18. Removing Hair From the Body
#259: A pilgrim who is in the state of ihrām is prohibited from shaving their hair and even from plucking a single one of their own or of someone else's hairs, whether or not this other person is in the state of ihrām. There are exceptions for this rule, e.g. in case of head lice infestation or if it is necessary for other reasons, it is permitted to have one's hair cut. There is no problem if hair falls out by itself in the course of making the partial ablution (wudū) or the major ritual ablution (ghusl) or if hair comes off unintentionally on removing something adhesive from the skin.
#260: If a pilgrim who is in the state of ihrām shaves their head without good cause, the kaffārah consists of one sheep. If they do it out of necessity, the penalty is either to slaughter a sheep or to fast three day or to give food to six poor people, each receiving one and a half kilos of staple food.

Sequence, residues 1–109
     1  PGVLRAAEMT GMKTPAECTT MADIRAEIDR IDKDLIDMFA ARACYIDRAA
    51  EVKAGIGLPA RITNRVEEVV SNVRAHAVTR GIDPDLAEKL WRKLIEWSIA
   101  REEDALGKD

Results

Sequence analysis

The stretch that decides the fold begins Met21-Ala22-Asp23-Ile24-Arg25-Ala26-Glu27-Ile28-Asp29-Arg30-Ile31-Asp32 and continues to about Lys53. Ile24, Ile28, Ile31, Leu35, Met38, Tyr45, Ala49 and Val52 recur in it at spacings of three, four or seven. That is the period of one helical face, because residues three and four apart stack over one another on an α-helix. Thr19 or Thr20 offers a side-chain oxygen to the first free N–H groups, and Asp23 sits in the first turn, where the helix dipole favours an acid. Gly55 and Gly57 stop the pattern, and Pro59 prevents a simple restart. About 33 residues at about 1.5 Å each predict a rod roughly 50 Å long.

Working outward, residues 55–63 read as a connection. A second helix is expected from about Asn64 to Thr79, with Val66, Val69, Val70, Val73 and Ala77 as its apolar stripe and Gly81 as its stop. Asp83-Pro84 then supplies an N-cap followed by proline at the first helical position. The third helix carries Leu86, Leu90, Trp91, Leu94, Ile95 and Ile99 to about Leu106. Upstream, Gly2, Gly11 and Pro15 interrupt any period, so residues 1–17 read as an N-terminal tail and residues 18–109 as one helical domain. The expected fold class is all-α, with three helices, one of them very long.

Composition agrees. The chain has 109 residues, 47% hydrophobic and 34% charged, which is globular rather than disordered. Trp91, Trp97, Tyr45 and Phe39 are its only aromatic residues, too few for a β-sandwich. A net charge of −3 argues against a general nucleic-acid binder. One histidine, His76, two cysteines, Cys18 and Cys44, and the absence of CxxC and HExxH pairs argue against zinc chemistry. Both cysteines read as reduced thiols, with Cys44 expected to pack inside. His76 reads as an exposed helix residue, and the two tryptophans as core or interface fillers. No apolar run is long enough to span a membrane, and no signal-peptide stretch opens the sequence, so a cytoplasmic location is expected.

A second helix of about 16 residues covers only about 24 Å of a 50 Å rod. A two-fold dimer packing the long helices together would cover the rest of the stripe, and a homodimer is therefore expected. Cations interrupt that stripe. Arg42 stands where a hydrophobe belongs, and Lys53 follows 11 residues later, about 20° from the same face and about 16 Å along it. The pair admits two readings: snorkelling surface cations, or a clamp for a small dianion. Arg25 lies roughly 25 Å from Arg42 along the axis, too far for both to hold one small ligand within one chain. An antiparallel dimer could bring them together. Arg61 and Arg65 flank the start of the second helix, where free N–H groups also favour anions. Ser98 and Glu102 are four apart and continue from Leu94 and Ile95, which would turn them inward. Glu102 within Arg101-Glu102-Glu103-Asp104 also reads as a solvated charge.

If armpit hair is removed, the kaffārah is one sheep. As a precautionary measure, this is also the penalty if only the hair under one arm is taken off. If the hair of the beard or any other hair is removed, the kaffārah consists of giving food to a needy person. No penalty is stipulated for a pilgrim who shaves the head of another person, whether or not that person is in the state of consecration.
#261: There is no objection to a pilgrim who is in the state of ihrām scratching their head or their body as long as it does not cause any hair to fall out or bleeding to occur. If a pilgrim strokes their head or their beard without any reason and this causes one or more hairs to fall out, they ought to donate a handful of basic food. If it happens in the course of doing the partial ablution (wudū) or a similar act, no kaffārah has to be performed.